• It is not the other side’s lawyer’s responsibility to help you with your case. In fact, the lawyer for the other side should not give you any advice except to get your own lawyer and is not allowed to tell you what he or she thinks the judge will do.

The lawyer should not pressure you or suggest that you take any particular action. Do not rely on advice from a lawyer who is representing the other side.

This does not mean that the lawyer for the other side cannot talk to you. The other side’s lawyer will have to talk to you in order to represent his or her client. He or she can express an opinion, argue for a particular outcome and try to negotiate a settlement. You are always free to disagree. If you feel pressured by the lawyer on the other side, you should tell the judge. 

Representing yourself when the other side has a lawyer can be intimidating, especially if the case goes to trial. Be aware that in many civil cases, there are ways to resolve a case without going through a trial. You can get a third party involved to help you and the other side resolve the case. This could be a probation officer, housing specialist or other person who works for the court, depending on what court you are in and what type of case you have. It could also be someone from outside the court, if the parties agree. You and the other side might decide to take advantage of alternative dispute resolution services, commonly referred to as ADR services. See Section X: Settling the Case.

Can I hire a lawyer to handle part of my case?

In some circumstances, it may be possible for you to hire a lawyer to handle only part of your case. In a few of the courts, lawyers are permitted to provide “limited assistance representation.” Limited assistance representation means that the client and the lawyer have agreed that the lawyer will perform specific tasks on the case, but the client will be responsible for other tasks. For example, the client and the lawyer may agree that the lawyer will provide legal advice on one or more issues, or will prepare or review certain documents – but that the lawyer will not go to court or assist the client in other ways. The client and lawyer also may agree that the lawyer will appear in court for one or more events, but not for the whole case.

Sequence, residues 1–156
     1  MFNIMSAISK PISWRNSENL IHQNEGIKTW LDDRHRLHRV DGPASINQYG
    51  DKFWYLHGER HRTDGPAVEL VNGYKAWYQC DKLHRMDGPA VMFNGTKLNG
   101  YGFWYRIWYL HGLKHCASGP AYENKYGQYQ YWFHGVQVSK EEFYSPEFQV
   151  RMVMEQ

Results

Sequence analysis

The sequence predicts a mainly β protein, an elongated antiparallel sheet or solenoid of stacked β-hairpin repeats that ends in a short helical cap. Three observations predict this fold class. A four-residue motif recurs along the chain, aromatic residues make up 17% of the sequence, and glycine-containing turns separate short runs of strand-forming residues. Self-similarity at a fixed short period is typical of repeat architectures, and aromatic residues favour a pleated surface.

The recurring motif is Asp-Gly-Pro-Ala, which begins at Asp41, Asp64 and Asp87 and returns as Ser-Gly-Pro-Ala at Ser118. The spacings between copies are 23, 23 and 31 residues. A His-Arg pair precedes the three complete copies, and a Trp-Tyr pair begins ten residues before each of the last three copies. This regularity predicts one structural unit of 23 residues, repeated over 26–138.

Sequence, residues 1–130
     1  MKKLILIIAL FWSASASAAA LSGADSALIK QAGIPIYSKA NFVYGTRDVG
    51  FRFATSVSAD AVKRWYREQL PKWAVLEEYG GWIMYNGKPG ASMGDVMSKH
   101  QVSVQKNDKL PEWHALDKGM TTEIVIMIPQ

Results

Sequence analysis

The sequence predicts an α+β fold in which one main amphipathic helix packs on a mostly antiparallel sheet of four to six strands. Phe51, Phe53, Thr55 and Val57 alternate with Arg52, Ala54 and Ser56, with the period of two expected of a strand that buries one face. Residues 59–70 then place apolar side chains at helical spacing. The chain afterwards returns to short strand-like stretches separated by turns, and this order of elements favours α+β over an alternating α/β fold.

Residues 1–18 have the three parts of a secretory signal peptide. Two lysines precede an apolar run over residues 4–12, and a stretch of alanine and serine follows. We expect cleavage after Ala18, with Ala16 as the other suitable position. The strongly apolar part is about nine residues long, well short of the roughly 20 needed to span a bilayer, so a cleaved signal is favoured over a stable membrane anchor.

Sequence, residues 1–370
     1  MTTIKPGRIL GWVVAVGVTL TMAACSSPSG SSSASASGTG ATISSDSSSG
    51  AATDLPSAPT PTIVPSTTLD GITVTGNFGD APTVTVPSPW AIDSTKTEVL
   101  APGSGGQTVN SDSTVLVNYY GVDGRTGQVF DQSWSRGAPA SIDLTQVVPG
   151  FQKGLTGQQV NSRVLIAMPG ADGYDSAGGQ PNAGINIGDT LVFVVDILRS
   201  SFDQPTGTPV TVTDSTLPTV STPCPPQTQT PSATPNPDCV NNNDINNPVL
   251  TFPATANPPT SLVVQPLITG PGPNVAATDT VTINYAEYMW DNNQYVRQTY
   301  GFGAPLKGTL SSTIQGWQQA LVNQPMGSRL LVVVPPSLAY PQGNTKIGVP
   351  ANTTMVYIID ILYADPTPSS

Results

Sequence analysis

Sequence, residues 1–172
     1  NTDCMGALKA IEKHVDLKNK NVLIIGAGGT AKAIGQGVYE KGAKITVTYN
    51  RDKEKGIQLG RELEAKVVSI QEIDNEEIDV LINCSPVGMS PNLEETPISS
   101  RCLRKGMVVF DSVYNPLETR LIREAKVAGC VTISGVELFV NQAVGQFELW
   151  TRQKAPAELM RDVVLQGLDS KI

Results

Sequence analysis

In courts where limited assistance representation is permitted, it still may not be suitable in a particular case. If you are considering hiring a lawyer to handle only a portion of your case, you should check with a lawyer to find out whether it is allowed and whether it makes sense in your case.

10 Tips to Help You Find the Best Criminal Defense Attorney

Meeting with Criminal Defense Attorney

If you already understand the importance of having an excellent attorney when you’re facing a criminal charge, the next step is finding the best criminal defense attorney to represent you. Not all lawyers are created the same, and finding the right attorney can make all the difference when it comes to putting up the best defense possible.